domingo, 20 de enero de 2013
Two police chiefs were among 158 policemen and police employees detained on 18 January in two districts of the north-central state of Durango, all suspected of aiding organized crime, the chief prosecutor of Durango announced. Sonia Yadira de la Garza Fragoso said 110 of the detained were district policemen of Lerdo and 48 of Gómez Palacio, Proceso reported. She said that initial questioning indicated the suspects had assisted criminals by means including providing information and protection or directly participating in criminal acts. In the eastern state of Veracruz, state and federal police detained at an unspecified date a gang of six suspected kidnappers including three policemen, involved in crimes in a zone that included Carlos A. Carrillo and Cosamaloapan, the districts where the policemen worked, Proceso reported on 18 January. A Public Security spokesman for Veracruz Ernesto González Quiroz said the public presentation of the criminal policemen showed "there is no space for impunity in Veracruz, and less so for those public servants obligated to protect citizens." The gang reportedly admitted when questioned to taking part in six kidnappings and acts of extortion and drug dealing. The website cited the Veracruz Public Security Secretary, who heads policing in the state, Arturo Bermúdez Zurita as saying on 18 January that some 2,500 policemen had been dismissed in the state since 2010 for failing "confidence" tests. Another official who vowed to crack down on police corruption on 18 January was Mexico's deputy-interior minister for Planning, Manuel Mondragón y Kalb, who appeared that day before the Senate Public Security Committee, Proceso reported. Mondragón, a former police chief of Mexico City, later told the press he would apply "zero tolerance for corruption, however far it goes, whatever the means and whenever it has to happen. I don't care what is said about this. When I fight corruption I will not tolerate or permit it." Mondragón said three "fundamental" sectors - Mexico's 15 federal prisons, the Federal Police and the police data gathering system (Plataforma México) - were currently undergoing operational scrutiny. Mondragón would head the National Public Security Council (CNSP), a policy-making organ, once approved by the Senate.
Some 20 people were reported killed in executions or gun fights with state forces, or found dead around Mexico on 18-19 January, Proceso reported. These included: five suspected criminals killed in a shootout with police and the army on the night of 18-19 January in the north-western district of Mochis in the state of Sinaloa, and six shot dead by troops and police in the district of Puente Nacional in the east-coast state of Veracruz. Thousands of troops and federal policemen have been sent to Veracruz within the Veracruz Seguro operation, in a bid to curb a surge in organized crime there. The operation was recently extended to the Sotavento zone in the state that includes Puente Nacional, the district where troops reportedly came under fire late on 18 January, Proceso reported. The website reported the discovery in Estado de México of the bodies of three men apparently shot to death; they were found on 19 January by a road linking Toluca and Temascaltepec. In addition six bodies were discovered on 18 January in the states of Estado de México, Puebla and Morelos; one of the victims here was found cut into bits, and three in a state of "advanced" putrefaction in the district of Tochimilco in the state of Puebla. Six skeletons or the bones of six people, were found in a house in the west-coast district of Acapulco on 18 or 19 January, the daily El Universal reported.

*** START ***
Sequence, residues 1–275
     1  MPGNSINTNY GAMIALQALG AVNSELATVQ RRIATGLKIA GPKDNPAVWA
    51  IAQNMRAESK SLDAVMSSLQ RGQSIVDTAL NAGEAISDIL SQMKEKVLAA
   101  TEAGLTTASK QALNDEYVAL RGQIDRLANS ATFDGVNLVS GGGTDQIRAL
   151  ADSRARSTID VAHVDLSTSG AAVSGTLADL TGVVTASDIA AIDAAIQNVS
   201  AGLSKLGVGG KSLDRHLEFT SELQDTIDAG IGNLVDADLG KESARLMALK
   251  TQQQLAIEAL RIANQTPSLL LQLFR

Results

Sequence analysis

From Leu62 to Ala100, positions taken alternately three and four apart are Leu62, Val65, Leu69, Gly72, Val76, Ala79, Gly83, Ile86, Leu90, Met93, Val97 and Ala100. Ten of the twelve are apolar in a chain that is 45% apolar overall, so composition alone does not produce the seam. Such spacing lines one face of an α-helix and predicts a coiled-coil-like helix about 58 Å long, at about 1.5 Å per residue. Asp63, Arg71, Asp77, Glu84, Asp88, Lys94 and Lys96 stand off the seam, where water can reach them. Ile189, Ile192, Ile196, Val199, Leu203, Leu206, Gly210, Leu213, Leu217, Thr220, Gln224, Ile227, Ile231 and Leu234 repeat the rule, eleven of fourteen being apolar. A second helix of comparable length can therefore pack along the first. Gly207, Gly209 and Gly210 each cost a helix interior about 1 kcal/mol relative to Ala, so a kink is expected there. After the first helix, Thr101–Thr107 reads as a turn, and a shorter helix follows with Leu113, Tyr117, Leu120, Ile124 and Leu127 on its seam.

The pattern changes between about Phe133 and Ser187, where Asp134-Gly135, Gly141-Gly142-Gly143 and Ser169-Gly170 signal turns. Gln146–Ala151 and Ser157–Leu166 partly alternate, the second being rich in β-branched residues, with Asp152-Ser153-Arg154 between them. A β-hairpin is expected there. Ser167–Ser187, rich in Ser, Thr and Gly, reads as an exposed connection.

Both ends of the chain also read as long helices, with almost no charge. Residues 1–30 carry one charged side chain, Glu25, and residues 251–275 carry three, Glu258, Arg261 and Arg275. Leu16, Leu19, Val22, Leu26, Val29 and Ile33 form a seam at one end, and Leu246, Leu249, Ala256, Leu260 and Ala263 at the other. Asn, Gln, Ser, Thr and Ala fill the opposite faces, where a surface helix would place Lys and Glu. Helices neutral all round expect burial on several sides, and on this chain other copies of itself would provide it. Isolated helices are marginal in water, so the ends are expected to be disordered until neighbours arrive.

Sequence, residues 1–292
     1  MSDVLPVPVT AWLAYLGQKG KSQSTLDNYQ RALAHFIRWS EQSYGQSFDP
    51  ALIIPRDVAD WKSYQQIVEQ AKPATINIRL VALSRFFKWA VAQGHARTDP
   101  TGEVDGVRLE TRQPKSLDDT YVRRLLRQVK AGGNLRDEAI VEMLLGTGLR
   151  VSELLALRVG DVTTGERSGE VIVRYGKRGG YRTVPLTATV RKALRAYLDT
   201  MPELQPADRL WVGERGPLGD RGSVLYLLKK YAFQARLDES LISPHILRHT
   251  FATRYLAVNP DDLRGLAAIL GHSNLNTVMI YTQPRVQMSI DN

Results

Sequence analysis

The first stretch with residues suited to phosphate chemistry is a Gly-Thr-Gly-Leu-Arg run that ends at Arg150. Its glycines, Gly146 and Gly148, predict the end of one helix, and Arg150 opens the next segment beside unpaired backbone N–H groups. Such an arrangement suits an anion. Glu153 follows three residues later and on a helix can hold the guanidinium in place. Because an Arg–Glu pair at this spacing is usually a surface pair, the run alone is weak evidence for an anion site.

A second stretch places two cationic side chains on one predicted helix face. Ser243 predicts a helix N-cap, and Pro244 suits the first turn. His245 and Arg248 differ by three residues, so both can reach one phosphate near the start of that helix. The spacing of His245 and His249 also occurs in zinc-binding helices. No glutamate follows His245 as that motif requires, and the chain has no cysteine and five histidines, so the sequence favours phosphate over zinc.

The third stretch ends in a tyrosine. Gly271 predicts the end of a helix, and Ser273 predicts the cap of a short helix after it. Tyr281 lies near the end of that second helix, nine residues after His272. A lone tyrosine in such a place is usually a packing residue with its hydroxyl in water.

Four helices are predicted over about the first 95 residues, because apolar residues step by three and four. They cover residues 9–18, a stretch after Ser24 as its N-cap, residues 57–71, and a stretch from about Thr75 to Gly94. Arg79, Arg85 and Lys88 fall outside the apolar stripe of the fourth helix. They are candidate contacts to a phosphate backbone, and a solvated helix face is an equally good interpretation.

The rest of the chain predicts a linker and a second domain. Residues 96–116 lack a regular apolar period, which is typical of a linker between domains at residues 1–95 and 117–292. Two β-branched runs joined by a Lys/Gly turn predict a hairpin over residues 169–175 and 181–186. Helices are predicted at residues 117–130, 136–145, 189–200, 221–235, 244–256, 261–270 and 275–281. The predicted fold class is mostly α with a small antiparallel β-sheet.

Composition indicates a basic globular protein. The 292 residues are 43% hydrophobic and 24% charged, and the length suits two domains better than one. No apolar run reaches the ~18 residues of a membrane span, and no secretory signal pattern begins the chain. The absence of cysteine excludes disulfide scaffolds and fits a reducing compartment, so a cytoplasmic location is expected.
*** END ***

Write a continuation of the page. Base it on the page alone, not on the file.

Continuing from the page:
Mediators announced the start on 18 January of the second phase of a ceasefire between El Salvador's main criminal gangs, naming four districts as "sanctuary municipalities" that were to be gradually rid of violent crime in following days, Europa Press reported. The ceasefire began in March 2012 and officials believe it has significantly reduced violent crime in El Salvador. The municipalities were named by the army bishop and the former leftist guerrilla Raul Mijango who have been acting as mediators between the state and several gangs. In a communiqué issued on 19 January five gangs promised to respect the four sanctuaries and qualified this as part of a process "whose objective is to fully abandon all criminal activity." They also stated that they would continue to "disarm" and hand over weapons to "facilitators" of the Organization of American States, which is assisting the pacification process in El Salvador, Europa Press reported. They asked the government to design a legal framework for this disarmament. The statement was signed by the gangs MSX3, Barrio 19, Mao-Mao, Máquina and Mirada Locos, while the four districts due to become sanctuaries from violence were named as Santa Tecla, Sonsonate, Llopango and Quezaltepeque, the latter a reputed crime hot-spot, Europa Press reported. El Salvador's La Prensa Gráfica reported on 20 January that the gangs were prepared to extend the ceasefire to 18 other districts, adding however that they had made no commitment to discontinue extortion.